Sukhna is dead, can be revived, says Waterman of India | punjab | chandigarh | Hindustan Times
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Sukhna is dead, can be revived, says Waterman of India

At a Panjab University conclave, Rajendra Singh suggests scientific ways for desilting the lake.

punjab Updated: Apr 23, 2018 11:52 IST
Tanbir Dhaliwal
Water conservationist Rajendra Singh during a regional conference on environment at Punjab University on Sunday.
Water conservationist Rajendra Singh during a regional conference on environment at Punjab University on Sunday.(Sikander Singh Chopra/HT)

Chandigarh’s Sukhna Lake is dead because of excessive silting but can be rejuvenated, said Dr Rajendra Singh, a water conservationist who is popularly known as ‘Waterman of India’.

A Stockholm Water Prize awardee, Singh was at the Panjab University to attend the first regional conference on environment.

Talking to HT about ways to save Sukhna, Singh, who has rejuvenated 11 dead rivers in the last 35 years, said the man-made lake is easy to rejuvenate, but the problem needs scientific solutions.

Why is the lake dying?

“The soil in the catchment area of the lake is fragile. As there is no greenery at the catchment area, whenever it rains, soil erodes, which is why the lake area is ecologically sensitive. The administration has not been able to understand this issue, thereby failing to prevent soil erosion, which is why the lake is almost filled with silt,” said Singh.

Against the needed depth of 10 feet, the Sukhna had shrunk to a mere 1.75 feet in May last year. (HT File)

“The soil erosion from the fragile catchment area leads to accumulation of silt in the lake, which in turn dries the lake up. The lake will become dead when its water holding and water recharging (underground) capacity will be lost due to this silting,” he said.

Pointing out that the lake had been beautifully made an important location, Singh said it was very important to keep it alive.

How to save the lake
  • Rajendra Singh suggested rejuvenation of subsurface and underground aquifers as the permanent solution to the lake’s problem
  • Singh said instead of de-silting the entire lake, which will consume a lot of money, the administration should dig up at least 20 de-silting pits in a way that the underground fractures get connected.
  • He said the process will recharge the underground aquifers (bodies of permeable rock which can contain or transmit groundwater), and water storage in the lake will also increase
  • Singh also advocated spreading water literacy by starting a movement to spread awareness among the bureaucracy and the public on water conservation

What is the solution?

“If we want to restore the lake’s vitality, we will have to understand the mapping of aquifers (bodies of permeable rock which can contain or transmit groundwater), and de-silting in order to connect it with nature,” said Singh, adding that the authorities should first understand the character of underground aquifers and the lake’s geo-hydro morphology.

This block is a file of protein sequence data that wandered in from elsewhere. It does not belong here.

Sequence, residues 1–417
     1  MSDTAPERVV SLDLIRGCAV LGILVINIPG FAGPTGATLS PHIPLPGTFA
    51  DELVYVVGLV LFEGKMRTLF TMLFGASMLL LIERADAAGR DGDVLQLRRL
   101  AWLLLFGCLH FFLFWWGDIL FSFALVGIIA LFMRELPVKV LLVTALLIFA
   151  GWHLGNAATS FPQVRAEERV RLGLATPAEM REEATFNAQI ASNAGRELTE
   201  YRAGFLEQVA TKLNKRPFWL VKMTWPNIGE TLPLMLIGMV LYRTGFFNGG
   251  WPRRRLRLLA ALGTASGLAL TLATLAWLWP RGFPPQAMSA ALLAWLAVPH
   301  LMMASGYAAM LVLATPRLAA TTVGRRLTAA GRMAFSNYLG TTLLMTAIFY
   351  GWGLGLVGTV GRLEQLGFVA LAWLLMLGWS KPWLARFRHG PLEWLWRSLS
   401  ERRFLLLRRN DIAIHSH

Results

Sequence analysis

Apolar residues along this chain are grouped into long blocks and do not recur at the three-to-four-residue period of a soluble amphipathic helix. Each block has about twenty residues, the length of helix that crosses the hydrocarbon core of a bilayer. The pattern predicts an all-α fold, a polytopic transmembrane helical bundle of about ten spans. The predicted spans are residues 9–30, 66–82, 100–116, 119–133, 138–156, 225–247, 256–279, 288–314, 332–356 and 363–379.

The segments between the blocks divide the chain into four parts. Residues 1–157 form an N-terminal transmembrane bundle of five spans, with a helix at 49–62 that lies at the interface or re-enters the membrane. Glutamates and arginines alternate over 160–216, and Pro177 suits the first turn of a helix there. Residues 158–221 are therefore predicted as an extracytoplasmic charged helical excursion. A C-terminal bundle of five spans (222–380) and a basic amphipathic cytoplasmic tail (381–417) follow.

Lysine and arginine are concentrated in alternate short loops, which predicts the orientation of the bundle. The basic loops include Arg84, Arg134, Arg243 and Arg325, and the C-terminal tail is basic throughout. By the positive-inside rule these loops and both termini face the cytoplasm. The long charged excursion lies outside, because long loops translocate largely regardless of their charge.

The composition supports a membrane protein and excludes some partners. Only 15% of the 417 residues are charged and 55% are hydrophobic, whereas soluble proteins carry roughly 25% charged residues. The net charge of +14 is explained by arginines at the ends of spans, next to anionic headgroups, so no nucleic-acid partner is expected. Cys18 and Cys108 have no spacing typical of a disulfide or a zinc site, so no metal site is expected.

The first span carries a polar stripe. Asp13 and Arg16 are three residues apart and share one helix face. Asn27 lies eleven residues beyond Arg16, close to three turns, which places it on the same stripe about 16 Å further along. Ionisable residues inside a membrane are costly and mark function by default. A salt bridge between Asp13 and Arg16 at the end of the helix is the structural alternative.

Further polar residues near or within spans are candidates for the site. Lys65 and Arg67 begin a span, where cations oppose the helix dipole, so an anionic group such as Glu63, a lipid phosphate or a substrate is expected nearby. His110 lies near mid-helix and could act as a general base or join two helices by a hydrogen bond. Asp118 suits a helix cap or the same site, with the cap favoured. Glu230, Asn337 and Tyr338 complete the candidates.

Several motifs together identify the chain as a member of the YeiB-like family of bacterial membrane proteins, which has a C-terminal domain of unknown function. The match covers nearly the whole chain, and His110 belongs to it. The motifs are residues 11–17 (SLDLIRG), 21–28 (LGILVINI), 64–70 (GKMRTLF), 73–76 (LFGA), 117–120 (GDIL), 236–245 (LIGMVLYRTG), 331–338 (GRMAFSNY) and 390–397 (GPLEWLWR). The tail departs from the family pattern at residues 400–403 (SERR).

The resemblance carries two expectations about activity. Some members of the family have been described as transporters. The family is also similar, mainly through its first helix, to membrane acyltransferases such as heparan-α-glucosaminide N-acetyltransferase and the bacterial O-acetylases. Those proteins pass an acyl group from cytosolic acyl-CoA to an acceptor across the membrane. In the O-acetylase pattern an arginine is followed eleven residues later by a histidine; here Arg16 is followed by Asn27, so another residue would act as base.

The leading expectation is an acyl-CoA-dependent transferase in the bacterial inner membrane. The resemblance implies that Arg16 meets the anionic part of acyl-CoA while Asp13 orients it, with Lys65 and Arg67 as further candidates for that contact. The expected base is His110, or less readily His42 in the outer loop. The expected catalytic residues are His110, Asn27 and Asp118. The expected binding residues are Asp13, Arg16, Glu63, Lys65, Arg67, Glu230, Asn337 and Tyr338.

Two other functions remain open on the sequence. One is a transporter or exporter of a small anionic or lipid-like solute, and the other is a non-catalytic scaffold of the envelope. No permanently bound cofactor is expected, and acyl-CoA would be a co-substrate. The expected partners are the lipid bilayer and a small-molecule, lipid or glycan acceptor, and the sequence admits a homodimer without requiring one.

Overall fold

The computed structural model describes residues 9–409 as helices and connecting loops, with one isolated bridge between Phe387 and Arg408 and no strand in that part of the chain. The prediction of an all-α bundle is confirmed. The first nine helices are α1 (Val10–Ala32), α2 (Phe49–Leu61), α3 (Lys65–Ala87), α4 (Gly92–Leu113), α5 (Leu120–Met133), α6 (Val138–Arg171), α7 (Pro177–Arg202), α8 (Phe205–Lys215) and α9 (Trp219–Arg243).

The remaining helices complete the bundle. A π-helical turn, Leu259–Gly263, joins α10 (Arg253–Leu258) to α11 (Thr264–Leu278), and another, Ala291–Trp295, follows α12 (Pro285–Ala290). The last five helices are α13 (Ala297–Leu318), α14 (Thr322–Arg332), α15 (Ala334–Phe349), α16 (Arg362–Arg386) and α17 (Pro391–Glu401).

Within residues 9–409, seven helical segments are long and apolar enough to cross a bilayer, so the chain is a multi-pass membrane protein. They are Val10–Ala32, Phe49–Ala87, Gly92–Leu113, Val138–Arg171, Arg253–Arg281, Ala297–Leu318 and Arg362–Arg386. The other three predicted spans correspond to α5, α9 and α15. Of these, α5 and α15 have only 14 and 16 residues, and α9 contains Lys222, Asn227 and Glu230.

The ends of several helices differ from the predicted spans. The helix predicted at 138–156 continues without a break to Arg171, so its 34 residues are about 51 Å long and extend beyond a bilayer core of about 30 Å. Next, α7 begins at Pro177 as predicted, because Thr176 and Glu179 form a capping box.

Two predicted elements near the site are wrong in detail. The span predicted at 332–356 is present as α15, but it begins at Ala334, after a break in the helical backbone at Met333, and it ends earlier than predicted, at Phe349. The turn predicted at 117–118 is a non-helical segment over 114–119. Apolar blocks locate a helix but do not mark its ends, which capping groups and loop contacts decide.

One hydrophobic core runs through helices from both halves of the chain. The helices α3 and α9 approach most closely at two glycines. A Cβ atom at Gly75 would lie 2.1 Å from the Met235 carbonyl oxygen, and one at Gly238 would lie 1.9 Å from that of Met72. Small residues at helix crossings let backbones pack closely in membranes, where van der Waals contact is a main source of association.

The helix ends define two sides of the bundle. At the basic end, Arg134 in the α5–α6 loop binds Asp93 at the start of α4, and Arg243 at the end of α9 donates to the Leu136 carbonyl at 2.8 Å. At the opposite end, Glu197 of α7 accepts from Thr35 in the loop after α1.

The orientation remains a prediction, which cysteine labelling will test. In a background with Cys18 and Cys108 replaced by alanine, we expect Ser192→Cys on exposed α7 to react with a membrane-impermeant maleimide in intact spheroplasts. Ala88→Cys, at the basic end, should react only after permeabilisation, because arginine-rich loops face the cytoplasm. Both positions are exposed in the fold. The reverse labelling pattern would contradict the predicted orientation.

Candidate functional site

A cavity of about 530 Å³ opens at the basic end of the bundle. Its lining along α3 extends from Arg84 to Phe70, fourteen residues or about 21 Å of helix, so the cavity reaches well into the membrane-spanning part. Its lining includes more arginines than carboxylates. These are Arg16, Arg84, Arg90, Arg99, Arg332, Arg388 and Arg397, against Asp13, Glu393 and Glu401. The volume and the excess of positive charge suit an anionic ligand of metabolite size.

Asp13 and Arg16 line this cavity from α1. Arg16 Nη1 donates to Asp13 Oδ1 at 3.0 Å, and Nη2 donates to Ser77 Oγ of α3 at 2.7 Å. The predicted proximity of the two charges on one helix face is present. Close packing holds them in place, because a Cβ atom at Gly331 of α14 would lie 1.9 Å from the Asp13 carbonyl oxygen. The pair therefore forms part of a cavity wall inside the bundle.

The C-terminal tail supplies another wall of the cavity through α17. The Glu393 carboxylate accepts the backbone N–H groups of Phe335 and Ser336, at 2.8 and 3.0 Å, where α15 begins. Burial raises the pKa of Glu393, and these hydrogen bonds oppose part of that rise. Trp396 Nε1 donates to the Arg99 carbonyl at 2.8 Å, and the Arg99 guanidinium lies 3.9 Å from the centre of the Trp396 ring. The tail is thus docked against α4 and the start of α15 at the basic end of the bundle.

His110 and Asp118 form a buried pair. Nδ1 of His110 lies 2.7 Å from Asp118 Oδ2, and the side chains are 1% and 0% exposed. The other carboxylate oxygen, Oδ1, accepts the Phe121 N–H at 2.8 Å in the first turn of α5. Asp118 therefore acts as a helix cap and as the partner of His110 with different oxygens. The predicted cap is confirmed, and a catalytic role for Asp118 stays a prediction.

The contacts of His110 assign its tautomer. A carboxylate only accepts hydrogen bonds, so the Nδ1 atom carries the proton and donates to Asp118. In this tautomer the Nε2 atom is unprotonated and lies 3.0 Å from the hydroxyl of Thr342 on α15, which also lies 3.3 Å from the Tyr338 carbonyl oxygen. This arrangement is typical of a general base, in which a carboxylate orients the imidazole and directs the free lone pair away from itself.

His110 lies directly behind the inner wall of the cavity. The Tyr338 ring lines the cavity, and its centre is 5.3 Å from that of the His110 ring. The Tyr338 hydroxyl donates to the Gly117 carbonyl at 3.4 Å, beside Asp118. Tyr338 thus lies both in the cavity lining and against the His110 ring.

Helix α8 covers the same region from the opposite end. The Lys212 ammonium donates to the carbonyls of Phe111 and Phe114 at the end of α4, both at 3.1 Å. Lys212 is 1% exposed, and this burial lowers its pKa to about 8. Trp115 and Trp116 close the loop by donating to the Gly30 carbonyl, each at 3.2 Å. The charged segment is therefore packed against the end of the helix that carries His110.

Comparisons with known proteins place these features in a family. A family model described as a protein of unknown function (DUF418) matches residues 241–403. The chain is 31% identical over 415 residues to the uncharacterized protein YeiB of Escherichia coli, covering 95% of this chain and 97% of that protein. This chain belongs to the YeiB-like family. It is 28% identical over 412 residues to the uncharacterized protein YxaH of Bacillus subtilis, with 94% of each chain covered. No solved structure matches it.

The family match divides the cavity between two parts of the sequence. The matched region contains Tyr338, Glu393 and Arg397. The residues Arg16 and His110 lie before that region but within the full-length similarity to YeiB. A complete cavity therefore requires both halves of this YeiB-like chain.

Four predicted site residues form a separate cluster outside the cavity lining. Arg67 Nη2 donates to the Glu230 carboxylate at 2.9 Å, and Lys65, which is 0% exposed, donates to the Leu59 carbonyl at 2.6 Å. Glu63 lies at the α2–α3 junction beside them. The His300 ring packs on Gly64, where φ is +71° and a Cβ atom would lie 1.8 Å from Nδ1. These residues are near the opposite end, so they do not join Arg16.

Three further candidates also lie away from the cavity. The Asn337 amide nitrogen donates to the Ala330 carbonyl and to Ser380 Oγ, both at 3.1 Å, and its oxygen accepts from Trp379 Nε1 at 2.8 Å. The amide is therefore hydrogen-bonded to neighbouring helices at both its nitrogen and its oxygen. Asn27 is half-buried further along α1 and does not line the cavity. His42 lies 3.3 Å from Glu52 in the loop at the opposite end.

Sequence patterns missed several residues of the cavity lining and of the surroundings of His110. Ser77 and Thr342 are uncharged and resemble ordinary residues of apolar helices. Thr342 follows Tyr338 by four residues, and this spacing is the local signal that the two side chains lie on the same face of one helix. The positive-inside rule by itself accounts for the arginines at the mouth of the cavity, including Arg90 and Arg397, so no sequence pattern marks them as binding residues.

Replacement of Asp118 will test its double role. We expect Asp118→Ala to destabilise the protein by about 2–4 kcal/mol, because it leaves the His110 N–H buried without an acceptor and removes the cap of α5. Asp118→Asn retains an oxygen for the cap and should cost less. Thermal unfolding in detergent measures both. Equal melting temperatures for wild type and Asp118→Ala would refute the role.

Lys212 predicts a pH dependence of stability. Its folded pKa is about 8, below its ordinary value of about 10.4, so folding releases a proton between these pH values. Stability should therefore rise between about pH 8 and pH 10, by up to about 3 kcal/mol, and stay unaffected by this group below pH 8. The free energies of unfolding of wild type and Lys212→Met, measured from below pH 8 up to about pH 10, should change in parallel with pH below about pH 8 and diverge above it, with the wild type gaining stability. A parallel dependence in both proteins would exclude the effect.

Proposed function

“The administration should de-silt the lake in a scientific manner. Instead of de-silting the entire lake, which will consume a lot of money, the administration should dig up at least 20 de-silting pits in a way that the underground fractures get connected,” said Singh.

He said, “With this, underground aquifers will be recharged and water storage in the lake will also increase. Hence, Chandigarh will have a subsurface and underground water level reserve bank.”

Singh emphasised that rejuvenation of subsurface and underground aquifers is the permanent solution.

When asked if water from the Bhakra dam can be added to the lake, he said, “They can add Bhakra’s water to the lake but to ensure that the biodiversity of the lake does not get impacted, the administration should first analyse how much water can be added. This is a very sensitive issue.”

‘City needs to conserve water’

Singh believes that the way Chandigarh has been planned, it is possible to make the city self-reliant when it comes to water. “But this will happen only when every drop of water is conserved and efficiently used, and also rain water is harvested at micro and macro level, he said.

Singh also advocated spreading water literacy by starting a movement for which three types of groups are needed.“The first group is for teaching water management to elected representatives and bureaucracy, the second is to ensure that academic institutes teach water conservation, linkage of crop and rain pattern to students, and the third is for inculcating a sense of responsibility among the public,” he elaborated.

“Apart from these three, two more groups are needed — one to diagnose the problem of water sources and another for the treatment of those problems,” said Singh.

“We have been running such water literacy movement in Maharashtra successfully for the last three years. The movement can be successful in Chandigarh as well,” said Singh.